“When I was mayor of London, I cut my share of council tax by 20 per cent”
That’s what Boris Johnson told reporters this week. He’d been challenged to defend his status as a “low-tax Tory” after announcing a manifesto-busting increase to National Insurance to help fund social care.
But looking back at Mr Johnson’s time in City Hall, it’s hard to see where that 20 per cent figure comes from.
As mayor, he was in charge of setting one part of Londoners’ council tax bill, known as the mayoral precept.
In his first budget for the capital in 2009, Mr Johnson decided to maintain the precept at the level set by his predecessor, Ken Livingston, charging the average “Band D” property £309.82 a year. And he kept it at that rate for the next two years.
In 2012-13, he started to bring it down by a few pounds each year, until a final drop of £19 in his last budget in 2016.
By the time Mr Johnson left office, the mayoral precept for Band D properties was £276.00 – some £33.82 lower than when he started.
But that’s a cut of 10.9 per cent over his tenure, not 20 per cent as he claimed this week.
It could be that the prime minister has another way of measuring the precept in mind. But during his time as mayor, his own team used Band D properties to track changes to council tax, just as we have in this article.
A budget document prepared by his office in 2015-16 described the plans to cut Band D rates in his final year as “equat[ing] to a 10 per cent reduction in the precept over the Mayor’s second term”. And as we’ve seen, rates were all-but flat in his first term, so it seems the 10 per cent figure (or 10.9 as we’ve calculated) applies across his whole tenure.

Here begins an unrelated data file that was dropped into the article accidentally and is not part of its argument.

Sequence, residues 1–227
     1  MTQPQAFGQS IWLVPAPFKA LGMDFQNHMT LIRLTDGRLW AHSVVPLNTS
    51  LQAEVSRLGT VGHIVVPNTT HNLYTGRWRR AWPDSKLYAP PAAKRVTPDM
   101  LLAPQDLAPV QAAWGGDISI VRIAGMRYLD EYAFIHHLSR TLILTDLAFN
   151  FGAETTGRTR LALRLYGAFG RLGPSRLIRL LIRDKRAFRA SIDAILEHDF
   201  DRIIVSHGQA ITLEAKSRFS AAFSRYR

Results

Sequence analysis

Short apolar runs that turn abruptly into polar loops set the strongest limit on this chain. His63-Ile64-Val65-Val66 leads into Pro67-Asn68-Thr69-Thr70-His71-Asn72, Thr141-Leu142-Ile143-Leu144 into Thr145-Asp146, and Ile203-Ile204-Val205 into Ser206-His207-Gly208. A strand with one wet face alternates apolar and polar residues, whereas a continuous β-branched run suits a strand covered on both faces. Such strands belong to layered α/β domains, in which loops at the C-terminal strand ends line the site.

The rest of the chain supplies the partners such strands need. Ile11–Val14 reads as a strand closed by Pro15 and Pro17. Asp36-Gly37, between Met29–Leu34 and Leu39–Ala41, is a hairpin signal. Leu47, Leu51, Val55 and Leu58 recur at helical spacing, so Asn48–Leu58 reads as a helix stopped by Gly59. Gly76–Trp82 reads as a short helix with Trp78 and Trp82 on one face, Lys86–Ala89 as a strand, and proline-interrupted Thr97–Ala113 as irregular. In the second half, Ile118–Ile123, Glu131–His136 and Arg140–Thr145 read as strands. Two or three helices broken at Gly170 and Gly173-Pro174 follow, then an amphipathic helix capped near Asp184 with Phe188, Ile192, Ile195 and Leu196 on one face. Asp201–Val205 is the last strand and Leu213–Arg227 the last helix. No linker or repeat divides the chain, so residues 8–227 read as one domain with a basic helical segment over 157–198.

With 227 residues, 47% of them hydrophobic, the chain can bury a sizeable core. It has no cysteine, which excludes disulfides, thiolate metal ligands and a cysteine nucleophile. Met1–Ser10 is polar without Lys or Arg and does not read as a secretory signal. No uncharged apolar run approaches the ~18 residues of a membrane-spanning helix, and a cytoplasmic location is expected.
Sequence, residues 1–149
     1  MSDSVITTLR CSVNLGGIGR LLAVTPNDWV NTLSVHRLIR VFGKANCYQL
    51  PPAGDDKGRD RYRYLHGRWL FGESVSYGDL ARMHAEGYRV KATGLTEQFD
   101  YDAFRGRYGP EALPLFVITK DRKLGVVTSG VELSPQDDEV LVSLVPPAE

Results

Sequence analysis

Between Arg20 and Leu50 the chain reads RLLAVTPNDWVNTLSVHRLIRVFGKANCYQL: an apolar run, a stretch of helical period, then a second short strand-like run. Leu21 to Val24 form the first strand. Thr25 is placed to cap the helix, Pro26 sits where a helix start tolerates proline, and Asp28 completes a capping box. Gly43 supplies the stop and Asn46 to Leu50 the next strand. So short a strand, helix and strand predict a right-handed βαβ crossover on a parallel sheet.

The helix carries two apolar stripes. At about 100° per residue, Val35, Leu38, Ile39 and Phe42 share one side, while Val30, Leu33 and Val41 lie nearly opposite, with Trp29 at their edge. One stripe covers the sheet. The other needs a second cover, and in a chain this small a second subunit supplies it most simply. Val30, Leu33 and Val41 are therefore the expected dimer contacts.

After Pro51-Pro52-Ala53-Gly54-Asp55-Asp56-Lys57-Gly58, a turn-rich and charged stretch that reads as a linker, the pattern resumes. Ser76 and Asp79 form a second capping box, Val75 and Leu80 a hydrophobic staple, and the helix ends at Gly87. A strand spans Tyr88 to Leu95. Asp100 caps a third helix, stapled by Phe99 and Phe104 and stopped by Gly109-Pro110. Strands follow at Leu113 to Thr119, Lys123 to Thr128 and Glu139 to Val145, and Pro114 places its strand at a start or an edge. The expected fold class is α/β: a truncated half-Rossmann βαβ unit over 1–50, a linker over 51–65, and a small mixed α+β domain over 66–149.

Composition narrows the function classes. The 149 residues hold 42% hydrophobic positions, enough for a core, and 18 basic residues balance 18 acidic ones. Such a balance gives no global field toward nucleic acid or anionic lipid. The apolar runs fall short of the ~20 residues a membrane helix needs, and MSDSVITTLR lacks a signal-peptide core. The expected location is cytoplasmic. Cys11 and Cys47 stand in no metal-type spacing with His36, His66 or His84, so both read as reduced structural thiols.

Downing Street was contacted for comment.
Boris Johnson said that as mayor of London, he cut his share of council tax by 20 per cent. But according to the standard measure of the mayoral precept – the same one used by his team when he was in City Hall – the true figure is 10.9 per cent.
Update: 10 September
Since we published this article, readers have suggested that perhaps adjusting the mayoral precept for inflation might explain Mr Johnson’s claim. There are various ways to do this, and all of them would make the scale of the cut larger than 10.9 per cent.
However, people with knowledge of how the mayor of London’s accounts are prepared have told us that while accounting for inflation is common when we’re talking about national public spending, the tendency in local government is to use “cash” figures, i.e. not inflation-adjusted. This approach is not perfect, though it seems to be the one that Mr Johnson’s team used when he was mayor.
We’ve yet to hear from Downing Street what the prime minister had in mind when he spoke this week.